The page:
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Hospitals face penalties for not making prices public

On Behalf of | Jun 21, 2022 | Healthcare Fraud, Medicare / Medicaid Fraud

The Centers for Medicare and Medicaid Services (CMS) hit two hospitals in Georgia with $1.1 million in financial penalties for violating the 2021 rules requiring hospitals to share their medical procedures and treatment prices. This change (which the CMS will enforce) addressed the nation’s $1.2 trillion industry’s tendency to keep its rates a secret. These enforcements are the first for the new rules. The two hospitals are both owned by Northside Hospital.

Thousands more are not compliant

According to the Wall Street Journal, thousands of other hospitals are still not compliant more than a year after the rule went into effect, with only 6% of the 5,200 hospitals in the U.S. fully compliant when their websites were evaluated between July and September of 2021. The new law requires two lists:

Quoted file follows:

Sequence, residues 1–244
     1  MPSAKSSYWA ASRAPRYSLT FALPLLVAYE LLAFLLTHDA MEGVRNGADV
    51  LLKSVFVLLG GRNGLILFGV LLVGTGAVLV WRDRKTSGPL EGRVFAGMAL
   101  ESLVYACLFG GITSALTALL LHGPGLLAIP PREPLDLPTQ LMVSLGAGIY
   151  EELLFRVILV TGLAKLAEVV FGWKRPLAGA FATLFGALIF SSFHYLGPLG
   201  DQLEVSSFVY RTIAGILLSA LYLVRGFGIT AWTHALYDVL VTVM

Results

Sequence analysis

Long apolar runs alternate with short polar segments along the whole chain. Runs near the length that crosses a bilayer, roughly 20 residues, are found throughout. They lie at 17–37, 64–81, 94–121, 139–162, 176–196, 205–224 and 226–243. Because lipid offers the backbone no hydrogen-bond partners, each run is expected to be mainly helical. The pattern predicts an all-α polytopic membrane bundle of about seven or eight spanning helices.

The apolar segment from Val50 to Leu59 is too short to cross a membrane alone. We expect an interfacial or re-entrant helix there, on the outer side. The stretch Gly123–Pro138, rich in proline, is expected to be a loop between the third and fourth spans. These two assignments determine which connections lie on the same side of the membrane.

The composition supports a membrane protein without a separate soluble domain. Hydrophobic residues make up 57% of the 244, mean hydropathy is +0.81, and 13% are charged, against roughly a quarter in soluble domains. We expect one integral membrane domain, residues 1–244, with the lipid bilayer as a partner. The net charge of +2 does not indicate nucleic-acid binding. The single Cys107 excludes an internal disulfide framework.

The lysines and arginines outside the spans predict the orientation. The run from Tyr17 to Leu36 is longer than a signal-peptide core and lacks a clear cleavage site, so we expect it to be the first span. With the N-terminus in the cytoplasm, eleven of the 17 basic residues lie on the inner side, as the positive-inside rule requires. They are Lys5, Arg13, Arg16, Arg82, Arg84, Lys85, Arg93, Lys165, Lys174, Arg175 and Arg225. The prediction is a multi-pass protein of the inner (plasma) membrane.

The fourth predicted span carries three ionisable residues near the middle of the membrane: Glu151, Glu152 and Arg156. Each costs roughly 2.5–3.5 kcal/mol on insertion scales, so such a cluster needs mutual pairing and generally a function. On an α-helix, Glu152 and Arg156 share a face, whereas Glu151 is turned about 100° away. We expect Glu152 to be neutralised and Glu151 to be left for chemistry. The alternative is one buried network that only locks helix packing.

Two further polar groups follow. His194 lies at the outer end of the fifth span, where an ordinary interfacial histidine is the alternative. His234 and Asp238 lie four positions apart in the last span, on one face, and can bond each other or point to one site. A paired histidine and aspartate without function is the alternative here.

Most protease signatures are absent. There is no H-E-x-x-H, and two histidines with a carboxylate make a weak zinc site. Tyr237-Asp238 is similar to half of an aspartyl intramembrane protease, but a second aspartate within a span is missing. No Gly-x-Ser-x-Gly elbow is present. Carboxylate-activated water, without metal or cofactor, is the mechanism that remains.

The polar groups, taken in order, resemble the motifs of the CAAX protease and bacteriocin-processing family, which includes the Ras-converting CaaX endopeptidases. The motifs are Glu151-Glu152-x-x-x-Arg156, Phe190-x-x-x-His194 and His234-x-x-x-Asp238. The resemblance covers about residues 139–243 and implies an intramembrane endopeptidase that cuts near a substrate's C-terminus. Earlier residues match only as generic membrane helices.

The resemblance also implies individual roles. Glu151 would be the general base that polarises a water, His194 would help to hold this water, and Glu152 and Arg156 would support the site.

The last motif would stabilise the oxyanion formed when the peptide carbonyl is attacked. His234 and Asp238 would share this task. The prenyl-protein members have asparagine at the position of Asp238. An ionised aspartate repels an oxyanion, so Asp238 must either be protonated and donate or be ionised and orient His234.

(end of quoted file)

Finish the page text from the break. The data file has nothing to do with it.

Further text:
• One that hospitals show all prices for all hospital services.
  • A second one offers all prices for services that can be scheduled in advance (so consumers can shop around).

The study found that about 14% of hospitals posted a comprehensive list, and 30% had only posted a file of shoppable prices.

Moving in the right direction?

Some hospitals are aware that they are non-compliant and ask for more time to make the necessary changes, but others loathe revealing their prices to competitors. The goal of the rule, created under the Trump administration, was to force medical care providers to be more competitive and transparent in their pricing. The CMS issued more than 352 warning letters to hospitals, asking them to explain how they plan to become compliant. According to the CMS, nearly 160 have yet to respond to the warning.

The CMS’s first two fines on this matter are likely meant to put non-compliant hospitals on notice – the hospitals did not become compliant after the original letter and even after warning that they were about to miss their deadline. The fine for not posting prices was $109,500 during the rule’s first year with a $300 increase per day, but that amount is now up to $2 million per hospital since January 2022, with much higher per day increases.